So maybe we may be starting to see the origins of a different political emphasis emerging towards growth but we're scratching our heads as to how you actually get that. If it were that easy wouldn't every government always have a bias to promote it anyway??
As discussed the US stands apart for the time being and yesterday FOMC meeting showed again a slightly more upbeat economic assessment from the Fed. The Committee noted signs of improvement in the housing market and the decline in unemployment rate although inflation has picked up somewhat. The first rate hike forecast date was brought forward a bit with only four members projecting that it would come after 2014 (previously 6). What got the market excited however was another dovish performance from the Chairman. Bernanke said that “we remain entirely prepared to take additional balance sheet actions if necessary”. So further easing is certainly possible if data flow starts to turn south. In the past our economists have suggested that the Fed is from Venus and the ECB from Mars. While this gap between the planets has narrowed in the last 6 months we still think it is a fairly good reflection of the DNA of the respective institutions. As we mentioned above an unconditional ECB is probably what Europe needs now given the austerity drive.
So what happens next? This (via BBG):
The European Central Bank and countries that use the euro are working on an initiative to allow cash-strapped banks direct access to funding from the European Stability Mechanism, Sueddeutsche Zeitung reported.
The working group will examine how banks can directly access the funding within the next two weeks, the newspaper said. The move comes amid growing concern that Spanish banks are increasingly unable to lend to companies and that the crisis may spread to other euro countries, SZ reported.
And google translated from the original:
Germany rejects a direct lending to European banks of the ESM categorically. Finance Minister Wolfgang Schäuble (CDU), had declared at the weekend that he would not discuss it. The contracts would see such an option not available, and while it will remain so. Bundesbank President Jens Weidmann said the SZ, while the supervision was higher than the banks in the nation-states, this was crucial to take the responsibility if some banks need additional capital. Moreover, should continue to apply the principle that ESM loans only to the fulfillment of strict macroeconomic conditions and a "self-help" give.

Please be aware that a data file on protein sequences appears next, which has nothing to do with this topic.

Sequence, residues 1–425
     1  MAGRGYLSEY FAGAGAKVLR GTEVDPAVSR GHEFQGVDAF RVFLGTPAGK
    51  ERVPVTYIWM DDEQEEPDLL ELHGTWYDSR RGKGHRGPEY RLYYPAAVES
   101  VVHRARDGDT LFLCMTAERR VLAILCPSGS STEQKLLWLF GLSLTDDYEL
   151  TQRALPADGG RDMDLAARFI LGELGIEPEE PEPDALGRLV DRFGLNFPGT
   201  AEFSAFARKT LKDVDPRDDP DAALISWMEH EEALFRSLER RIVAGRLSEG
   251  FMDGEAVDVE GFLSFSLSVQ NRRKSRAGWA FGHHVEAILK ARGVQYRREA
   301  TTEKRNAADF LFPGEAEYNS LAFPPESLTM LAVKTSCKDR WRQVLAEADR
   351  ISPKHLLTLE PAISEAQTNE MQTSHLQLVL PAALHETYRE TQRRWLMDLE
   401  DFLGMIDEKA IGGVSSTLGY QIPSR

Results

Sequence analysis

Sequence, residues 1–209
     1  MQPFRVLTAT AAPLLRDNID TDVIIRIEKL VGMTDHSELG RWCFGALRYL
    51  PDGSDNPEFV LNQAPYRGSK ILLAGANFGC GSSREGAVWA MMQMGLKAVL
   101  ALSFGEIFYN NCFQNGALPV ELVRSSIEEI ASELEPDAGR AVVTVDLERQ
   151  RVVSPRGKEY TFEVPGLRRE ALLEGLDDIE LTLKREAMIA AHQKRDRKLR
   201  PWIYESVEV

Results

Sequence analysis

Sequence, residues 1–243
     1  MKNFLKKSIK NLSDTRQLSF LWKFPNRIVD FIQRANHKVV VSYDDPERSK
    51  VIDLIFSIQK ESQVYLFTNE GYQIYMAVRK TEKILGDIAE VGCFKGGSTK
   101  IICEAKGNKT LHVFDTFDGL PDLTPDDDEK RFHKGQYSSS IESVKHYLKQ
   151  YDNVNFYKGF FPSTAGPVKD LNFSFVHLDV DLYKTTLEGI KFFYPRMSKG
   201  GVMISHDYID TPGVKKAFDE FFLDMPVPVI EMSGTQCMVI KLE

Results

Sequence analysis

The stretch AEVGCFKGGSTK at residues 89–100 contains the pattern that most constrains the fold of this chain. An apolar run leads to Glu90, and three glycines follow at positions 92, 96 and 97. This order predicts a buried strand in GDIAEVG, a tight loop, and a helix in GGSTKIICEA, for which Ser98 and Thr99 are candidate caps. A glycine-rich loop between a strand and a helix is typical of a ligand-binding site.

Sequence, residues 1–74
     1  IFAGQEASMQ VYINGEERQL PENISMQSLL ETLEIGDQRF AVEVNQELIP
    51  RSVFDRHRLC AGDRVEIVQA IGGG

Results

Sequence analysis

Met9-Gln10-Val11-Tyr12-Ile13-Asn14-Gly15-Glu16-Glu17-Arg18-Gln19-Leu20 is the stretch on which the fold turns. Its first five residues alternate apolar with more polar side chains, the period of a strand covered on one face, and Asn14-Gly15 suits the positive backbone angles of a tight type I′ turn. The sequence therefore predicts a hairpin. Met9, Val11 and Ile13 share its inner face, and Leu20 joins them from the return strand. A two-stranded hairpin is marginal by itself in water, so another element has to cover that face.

"Liability and control shall be in any allocation of aid credits remain in balance," said Weidmann. The Netherlands, Austria and Finland reject the direct allocation of funds from ESM to banks. From the environment of the bailout fund was rumored that such plans were difficult to enforce.
Strapped banks are likely to continue to negotiate directly with the aid of ESM, the countries of the Euro-club rules would give up their previous part. These stipulate that only governments can apply for assistance, regardless of what they use the loans. The same goes for Bank assistance. There is also money from the ESM only applicable if the government comes up with an austerity and reform program in return. This was a crucial precondition for the approval of the German ESM.
In other words, everyone is once again protesting on the surface, for purely political and populist reasons, not to mention not attracting the attention of the German media once again, as the country just happens to be the biggest source of cash to the ESM: add that to the recently exponentially rising TARGET2 counterfunding by the BUBA and once can see why voters would be furious. And yet, underneath the surface more preparations are being made to debauch the EUR. The irony of course is that the EURUSD is actually up on the news as it removes some of the near-term threats to insolvent Spanish banks. Obviously the plan does nothing for the longer-term viability of Europe's insolvent financial system. But at least the can is kicked into the future, and by then it will be some other minister's problem.
Which is what this farce is all about.